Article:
Rebutting this claim, one Meghan Cox Gurdon wisely notes, “Now, whether you care if adolescents spend their time immersed in ugliness probably depends on your philosophical outlook. Reading about homicide doesn’t turn a man into a murderer; reading about cheating on exams won’t make a kid break the honor code.”  In other words, reading about troubled teens will not create more troubled teens.  Since Gurdon makes this point earlier in the same article, one wonders whether there are two Gurdons at work here — say, Gurdon (who deplores darkness in lit for teens) and Gurdon Prime (who recognizes that darkness need not beget darkness).

Gurdon Prime makes a strong point. Representing anorexia, bullying, rape, racism, or any of the host of challenges that teens face is different from endorsing any of those things. For this reason, Gurdon misses the mark when she accuses the “book industry” of using “the vehicle of fundamental free-expression principles to try to bulldoze coarseness or misery into … children’s lives.”  As Gurdon Prime knows, representation is different from endorsement. Since Gurdon does not appear to be in as close contact with her (former, I presume?) collaborator, I’d like to amplify Gurdon Prime’s point with a few tips on how to tell the difference between representation and endorsement.

1) Which characters does the novel represent sympathetically?  With which ideas do those characters seem aligned?

2) Since detecting sympathy seems a challenge for Gurdon, here are some literary terms to keep in mind:

A. Point of view.  Whose points of view does the book represent?  If it is a third-person narrative, does it tend to align itself with particular characters?  Which ones?  When?  Why?  If it is a first-person narrative, is the narrator reliable?  Or do the narrator’s perceptions and interpretations of events fail to coincide with the implied opinions and norms of the author?  If a book gives you reason to doubt the veracity of its narrator, then you have an unreliable narrator — and you’d be wise to view this character’s words with skepticism.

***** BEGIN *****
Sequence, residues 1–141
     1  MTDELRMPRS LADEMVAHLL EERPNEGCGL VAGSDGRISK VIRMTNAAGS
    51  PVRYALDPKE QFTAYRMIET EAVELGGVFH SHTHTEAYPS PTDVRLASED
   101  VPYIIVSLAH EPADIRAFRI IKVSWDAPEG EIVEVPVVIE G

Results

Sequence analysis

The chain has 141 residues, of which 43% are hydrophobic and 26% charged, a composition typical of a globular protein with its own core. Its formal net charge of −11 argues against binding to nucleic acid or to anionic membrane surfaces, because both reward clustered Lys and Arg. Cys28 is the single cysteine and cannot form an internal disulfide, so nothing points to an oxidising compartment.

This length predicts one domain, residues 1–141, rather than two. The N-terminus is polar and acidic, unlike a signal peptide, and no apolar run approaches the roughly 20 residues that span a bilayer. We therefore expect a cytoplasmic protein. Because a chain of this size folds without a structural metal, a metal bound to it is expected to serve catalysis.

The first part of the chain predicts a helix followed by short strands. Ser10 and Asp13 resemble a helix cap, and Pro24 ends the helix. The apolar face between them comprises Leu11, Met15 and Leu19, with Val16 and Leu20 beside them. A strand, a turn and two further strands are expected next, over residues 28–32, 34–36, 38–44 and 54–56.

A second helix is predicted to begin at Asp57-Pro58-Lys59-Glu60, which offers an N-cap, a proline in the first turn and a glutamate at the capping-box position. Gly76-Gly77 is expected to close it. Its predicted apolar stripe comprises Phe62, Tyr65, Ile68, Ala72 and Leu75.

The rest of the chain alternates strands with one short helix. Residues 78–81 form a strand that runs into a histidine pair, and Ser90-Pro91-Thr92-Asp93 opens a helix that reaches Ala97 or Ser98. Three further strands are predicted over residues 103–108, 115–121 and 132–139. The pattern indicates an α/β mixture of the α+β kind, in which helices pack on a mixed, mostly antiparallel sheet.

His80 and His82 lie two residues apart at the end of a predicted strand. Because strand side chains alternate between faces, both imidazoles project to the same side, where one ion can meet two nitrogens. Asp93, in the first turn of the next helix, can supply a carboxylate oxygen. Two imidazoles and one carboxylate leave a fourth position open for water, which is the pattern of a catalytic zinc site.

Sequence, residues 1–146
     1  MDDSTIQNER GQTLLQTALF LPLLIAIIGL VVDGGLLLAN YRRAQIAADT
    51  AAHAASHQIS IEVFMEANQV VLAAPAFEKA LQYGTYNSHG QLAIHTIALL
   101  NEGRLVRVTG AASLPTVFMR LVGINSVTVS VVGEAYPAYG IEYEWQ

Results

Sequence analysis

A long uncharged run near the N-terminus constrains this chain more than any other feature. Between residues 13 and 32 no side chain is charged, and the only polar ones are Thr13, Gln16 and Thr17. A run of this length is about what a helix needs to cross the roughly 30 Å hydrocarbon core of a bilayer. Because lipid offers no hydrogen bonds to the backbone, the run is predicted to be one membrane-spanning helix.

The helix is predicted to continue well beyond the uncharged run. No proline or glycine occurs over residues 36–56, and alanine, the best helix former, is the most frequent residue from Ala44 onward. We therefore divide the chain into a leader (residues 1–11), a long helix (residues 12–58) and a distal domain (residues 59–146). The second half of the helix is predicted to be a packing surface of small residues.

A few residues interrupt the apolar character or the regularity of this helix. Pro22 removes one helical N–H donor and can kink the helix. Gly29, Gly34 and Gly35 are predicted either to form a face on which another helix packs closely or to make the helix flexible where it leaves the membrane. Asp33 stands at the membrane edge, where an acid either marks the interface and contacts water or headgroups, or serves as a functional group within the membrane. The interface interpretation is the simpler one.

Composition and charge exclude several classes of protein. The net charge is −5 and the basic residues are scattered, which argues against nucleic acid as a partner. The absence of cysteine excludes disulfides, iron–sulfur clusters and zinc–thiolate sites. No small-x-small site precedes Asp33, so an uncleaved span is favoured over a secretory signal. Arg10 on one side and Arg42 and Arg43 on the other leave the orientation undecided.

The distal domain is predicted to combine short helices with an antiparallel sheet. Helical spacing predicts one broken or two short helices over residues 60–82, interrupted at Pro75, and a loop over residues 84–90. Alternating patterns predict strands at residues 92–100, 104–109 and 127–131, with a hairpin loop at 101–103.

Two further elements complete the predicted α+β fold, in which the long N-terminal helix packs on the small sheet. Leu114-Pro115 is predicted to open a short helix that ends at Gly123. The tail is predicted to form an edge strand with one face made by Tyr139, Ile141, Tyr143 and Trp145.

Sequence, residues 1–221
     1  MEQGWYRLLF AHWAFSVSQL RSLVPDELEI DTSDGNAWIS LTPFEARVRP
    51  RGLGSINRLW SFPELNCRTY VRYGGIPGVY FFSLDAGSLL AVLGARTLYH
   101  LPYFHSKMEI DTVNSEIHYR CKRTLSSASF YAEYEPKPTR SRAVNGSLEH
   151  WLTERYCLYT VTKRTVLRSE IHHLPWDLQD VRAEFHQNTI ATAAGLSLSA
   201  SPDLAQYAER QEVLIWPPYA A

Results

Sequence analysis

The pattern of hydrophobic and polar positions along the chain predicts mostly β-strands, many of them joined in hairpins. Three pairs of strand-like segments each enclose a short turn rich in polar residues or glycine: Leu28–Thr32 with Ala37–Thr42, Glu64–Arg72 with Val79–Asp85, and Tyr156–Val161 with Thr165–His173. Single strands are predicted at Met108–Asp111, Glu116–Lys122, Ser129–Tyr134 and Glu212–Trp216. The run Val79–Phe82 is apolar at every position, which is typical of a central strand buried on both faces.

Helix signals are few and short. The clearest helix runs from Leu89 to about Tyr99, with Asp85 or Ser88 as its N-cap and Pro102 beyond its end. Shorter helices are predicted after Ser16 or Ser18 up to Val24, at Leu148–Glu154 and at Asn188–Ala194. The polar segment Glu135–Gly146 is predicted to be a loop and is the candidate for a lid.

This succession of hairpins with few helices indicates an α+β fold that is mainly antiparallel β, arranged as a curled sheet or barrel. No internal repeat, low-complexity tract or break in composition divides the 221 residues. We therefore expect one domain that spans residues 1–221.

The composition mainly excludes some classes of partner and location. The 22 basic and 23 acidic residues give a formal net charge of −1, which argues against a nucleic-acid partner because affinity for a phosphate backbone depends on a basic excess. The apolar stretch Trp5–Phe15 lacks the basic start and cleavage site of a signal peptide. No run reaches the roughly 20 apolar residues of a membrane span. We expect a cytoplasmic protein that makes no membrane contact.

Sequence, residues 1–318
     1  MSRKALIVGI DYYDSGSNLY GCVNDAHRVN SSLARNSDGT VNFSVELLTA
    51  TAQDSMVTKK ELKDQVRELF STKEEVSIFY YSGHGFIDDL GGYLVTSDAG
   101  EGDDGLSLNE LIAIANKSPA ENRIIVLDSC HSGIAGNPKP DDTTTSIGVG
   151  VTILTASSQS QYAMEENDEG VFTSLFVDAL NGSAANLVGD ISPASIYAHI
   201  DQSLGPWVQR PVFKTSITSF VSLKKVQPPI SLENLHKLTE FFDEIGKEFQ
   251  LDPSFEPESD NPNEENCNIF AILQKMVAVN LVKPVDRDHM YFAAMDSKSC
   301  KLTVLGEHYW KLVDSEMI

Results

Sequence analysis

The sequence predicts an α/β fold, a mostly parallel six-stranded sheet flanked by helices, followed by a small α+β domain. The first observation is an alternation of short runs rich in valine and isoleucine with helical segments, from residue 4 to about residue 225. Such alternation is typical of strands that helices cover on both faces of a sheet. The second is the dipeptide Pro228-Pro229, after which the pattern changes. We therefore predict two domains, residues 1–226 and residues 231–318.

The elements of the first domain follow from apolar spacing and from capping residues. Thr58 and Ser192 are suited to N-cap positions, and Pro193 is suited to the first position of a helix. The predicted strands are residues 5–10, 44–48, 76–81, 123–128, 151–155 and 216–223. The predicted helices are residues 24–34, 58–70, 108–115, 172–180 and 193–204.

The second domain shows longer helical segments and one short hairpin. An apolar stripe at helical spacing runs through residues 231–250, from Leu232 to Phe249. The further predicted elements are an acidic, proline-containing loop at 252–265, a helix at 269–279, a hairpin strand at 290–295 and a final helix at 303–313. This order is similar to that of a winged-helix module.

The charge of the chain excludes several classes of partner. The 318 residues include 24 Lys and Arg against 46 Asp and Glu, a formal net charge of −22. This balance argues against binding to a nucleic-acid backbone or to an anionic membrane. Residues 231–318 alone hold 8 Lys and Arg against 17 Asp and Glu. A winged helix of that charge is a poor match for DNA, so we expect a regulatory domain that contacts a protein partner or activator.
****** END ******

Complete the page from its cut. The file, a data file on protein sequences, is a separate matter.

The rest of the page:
B. Diction, which is a fancy term for “word choice.”  The words an author chooses convey tone, a term for the speaker’s attitude towards the object of discourse.  If, for instance, Gurdon Prime suggested that Gurdon were “a narrow-minded, nattering nitwit,” one would feel compelled to note the sarcasm in such a choice of words.  The alliterative pleasures of that repeated “n” aside, this would be an ad hominem attack on Gurdon — personal and needlessly hostile.  And such diction might make us interpret Gurdon Prime as mean-spirited, even cruel.  On the other hand, what if Gurdon Prime instead said that Gurdon were “guilty only of her concern for young people, a concern which sometimes manifests itself in language that conveys passion more than it does an ability to read critically”?  In addition to suspecting Gurdon Prime of harboring an academic affiliation, we might also note the sympathy manifest in phrases like “concern for young people” and in the politic nature of the criticism: in this claim, “language” is the culprit, not Gurdon herself.